Money Laundering: Experience of a Mortgage Broker

Our friend and mortgage broker Steve Ennis sent out his newsletter this week, filled with some great information regarding the latest politics surrounding money laundering in BC. You’ve probably heard that last week, BC Premier John Horgan finally announced a public inquiry into money laundering in Vancouver. It’s a hot topic in the news, and Steve gives a great breakdown on how this specifically impacts bankers and mortgage brokers.

If you’re interested in learning a bit more about this specific side of money laundering, and how the province is working to prevent it, read some of the below quotes from his newsletter. For great information and tips on an ongoing basis, sign up for his e-newsletter by emailing: steve@olympicmortgages.ca

Below is a breakdown, quoted from Steve’s newsletter, on his experience with Anti-Money Laundering Regulations from the banker and mortgage broker’s perspective.

As a Banker:

  • The Suspicious Transaction Form – As a bank employee if you see anyone performing a transaction “outside of regular banking behavior”, then you are required to fill out this form and send it to the Financial Transactions and Reports Analysis Centre of Canada (“FINTRAC”). It was understood that they forward it on to the RCMP for further investigation;
  • Large Cash Transaction Form – If a client deposits more than $10,000 in cash in a 24 hour period, you have to fill out this form for FINTRAC. If they deposit $9,999 one day, then $9,999 the next, then $9,999 the next… that would be considered “suspicious” (see form above);
  • No lending institutions would ever finance a Casino, a strip bar, or a white label ATM machine. Why? Because they are considered incredibly high risk for money laundering given the amount of cash involved.  Watch any Hollywood movie made in the 1980s/90s involving a casino and you’ll see what I mean!
  • Annual compliance training – Bank employees have to take online training and pass a test confirming they have the skills to identify and combat money laundering. Your boss would come down on you hard if you went past the deadline without taking the mandatory exam;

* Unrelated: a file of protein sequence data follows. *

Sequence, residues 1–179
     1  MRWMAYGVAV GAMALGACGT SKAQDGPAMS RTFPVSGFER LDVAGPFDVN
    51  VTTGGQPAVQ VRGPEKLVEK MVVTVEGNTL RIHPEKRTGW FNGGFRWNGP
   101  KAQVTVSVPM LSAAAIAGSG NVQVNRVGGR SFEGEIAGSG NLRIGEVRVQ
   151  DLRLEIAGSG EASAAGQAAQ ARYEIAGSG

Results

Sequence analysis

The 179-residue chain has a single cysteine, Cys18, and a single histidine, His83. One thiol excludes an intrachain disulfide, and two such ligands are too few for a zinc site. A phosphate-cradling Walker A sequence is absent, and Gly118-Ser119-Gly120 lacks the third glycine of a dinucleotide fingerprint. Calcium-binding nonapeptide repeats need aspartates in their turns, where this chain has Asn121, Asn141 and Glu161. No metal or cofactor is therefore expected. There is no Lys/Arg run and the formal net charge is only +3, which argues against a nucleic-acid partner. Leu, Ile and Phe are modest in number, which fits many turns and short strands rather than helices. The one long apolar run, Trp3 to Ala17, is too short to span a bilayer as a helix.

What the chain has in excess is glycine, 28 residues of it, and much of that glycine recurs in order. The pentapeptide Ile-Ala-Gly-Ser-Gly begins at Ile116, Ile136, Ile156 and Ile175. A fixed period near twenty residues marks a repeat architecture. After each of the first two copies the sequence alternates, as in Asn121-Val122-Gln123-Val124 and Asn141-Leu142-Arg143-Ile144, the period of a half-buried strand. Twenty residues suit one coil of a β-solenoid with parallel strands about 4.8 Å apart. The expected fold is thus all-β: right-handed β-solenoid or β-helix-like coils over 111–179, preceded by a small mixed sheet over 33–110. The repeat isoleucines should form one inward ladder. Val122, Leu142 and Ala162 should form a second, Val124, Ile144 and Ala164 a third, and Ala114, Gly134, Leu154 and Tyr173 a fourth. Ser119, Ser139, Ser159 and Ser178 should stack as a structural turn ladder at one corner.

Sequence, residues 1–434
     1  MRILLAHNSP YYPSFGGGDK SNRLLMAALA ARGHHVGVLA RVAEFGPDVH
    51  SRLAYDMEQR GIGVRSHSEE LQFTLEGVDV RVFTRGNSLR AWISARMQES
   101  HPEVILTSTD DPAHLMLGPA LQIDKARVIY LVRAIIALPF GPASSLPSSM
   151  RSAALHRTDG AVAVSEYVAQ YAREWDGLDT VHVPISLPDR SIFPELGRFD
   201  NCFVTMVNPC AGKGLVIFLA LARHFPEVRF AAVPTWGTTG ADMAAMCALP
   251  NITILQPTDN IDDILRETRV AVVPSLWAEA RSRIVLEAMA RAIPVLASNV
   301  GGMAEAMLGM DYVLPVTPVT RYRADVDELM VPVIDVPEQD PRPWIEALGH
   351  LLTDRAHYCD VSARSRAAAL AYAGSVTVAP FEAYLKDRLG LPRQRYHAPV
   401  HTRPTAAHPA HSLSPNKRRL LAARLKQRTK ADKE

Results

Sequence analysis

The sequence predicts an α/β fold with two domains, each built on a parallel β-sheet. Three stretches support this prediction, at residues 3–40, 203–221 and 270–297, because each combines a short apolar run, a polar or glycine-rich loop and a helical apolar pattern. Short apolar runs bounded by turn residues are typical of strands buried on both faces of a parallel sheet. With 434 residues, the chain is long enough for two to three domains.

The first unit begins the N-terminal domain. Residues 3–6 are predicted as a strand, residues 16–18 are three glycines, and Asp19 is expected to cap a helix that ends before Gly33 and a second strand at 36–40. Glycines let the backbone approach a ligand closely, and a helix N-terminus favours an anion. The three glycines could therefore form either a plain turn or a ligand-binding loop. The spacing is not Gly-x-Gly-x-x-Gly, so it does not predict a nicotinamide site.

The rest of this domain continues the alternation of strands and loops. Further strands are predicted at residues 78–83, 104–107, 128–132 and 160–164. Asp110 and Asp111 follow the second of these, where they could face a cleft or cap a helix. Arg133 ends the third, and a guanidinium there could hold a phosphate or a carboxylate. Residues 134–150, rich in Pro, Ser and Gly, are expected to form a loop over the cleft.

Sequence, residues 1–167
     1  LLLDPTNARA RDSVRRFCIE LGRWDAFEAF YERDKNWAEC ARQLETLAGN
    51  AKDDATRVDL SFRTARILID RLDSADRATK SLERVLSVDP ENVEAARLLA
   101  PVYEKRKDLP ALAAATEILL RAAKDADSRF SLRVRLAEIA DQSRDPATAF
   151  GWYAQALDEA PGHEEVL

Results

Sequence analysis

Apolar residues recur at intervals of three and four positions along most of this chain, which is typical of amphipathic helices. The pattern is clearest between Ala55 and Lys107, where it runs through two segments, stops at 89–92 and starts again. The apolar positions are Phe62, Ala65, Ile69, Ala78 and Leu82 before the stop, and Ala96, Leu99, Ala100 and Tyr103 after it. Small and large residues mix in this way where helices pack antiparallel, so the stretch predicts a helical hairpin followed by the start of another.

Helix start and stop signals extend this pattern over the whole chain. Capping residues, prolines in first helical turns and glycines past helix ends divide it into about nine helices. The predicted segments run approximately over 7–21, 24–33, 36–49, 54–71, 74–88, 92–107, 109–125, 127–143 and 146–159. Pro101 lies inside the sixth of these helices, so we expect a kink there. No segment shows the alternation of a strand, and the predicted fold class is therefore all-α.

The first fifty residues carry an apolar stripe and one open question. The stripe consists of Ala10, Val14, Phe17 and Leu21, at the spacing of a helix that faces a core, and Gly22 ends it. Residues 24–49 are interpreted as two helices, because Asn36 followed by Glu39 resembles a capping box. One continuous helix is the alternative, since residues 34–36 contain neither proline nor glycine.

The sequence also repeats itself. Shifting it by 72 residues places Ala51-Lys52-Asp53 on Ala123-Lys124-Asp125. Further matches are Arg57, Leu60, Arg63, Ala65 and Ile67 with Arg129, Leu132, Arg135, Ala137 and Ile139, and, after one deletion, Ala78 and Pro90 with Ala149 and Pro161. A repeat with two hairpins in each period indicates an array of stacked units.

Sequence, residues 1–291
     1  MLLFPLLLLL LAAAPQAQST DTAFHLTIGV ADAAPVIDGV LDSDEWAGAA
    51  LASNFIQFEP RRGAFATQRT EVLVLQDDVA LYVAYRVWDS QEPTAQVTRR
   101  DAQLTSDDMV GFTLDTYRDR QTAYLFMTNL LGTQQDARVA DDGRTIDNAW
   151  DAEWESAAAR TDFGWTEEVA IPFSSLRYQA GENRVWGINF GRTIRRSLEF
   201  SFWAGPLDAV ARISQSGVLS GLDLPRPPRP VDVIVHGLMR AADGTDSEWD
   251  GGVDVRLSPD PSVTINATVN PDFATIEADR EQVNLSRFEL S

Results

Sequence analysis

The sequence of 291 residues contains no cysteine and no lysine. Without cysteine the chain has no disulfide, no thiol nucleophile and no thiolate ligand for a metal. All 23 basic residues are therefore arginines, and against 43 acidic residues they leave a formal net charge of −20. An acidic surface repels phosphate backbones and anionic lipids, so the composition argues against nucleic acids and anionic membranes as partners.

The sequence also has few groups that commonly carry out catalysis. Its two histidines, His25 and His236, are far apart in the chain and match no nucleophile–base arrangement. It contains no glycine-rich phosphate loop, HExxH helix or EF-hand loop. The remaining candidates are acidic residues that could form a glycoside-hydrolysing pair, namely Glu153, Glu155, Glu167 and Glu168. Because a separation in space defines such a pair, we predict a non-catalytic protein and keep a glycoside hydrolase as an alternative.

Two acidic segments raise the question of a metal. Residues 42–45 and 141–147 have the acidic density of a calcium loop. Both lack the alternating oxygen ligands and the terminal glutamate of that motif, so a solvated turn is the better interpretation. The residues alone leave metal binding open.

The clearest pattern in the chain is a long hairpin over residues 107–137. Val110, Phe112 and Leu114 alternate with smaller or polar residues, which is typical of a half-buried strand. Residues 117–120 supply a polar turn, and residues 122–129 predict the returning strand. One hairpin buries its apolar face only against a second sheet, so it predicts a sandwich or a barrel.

• Anti-Money Laundering (AML) departments. Every bank has a large department dedicated strictly to monitoring bank accounts for any kind of suspicious electronic transactions. Incoming wires from Iran? Any business dealing with foreign exchange? These would get flagged on a regular basis, requiring a significant amount of due diligence to satisfy.

As a broker…

  • I have to fill out consent forms, disclosure forms, and conflict of interest forms on every deal, and have the client sign them before they are considered complete;
  • I have to confirm most down payments have been in a client’s accounts for 90 days before closing;
  • For any cash coming in from abroad, you have to collect bank statements in order to follow it from the source through all intermediary banks into the country and its ultimate destination.

My point with this exercise is that there are many regulatory bodies constantly monitoring any and all transactions that happen in this province, with more regulations being put on regular British Columbians all the time (a great example is the stress-test requirement implemented in January 2018 reducing regular Vancouverites affordability by approximately 20%).  We have been closely monitoring money laundering, yet it has been going on right under our noses? How is this possible? Severe Incompetence, Willful Blindness, or Corruption?

If you want to read more from this newsletter, send him an email to be added to the list steve@olympicmortgages.ca , or you can follow him on instagram @ennis_steve to get more info.

Thanks for reading- let us know if you have any hot topics or questions you would like us to tackle on our blog!

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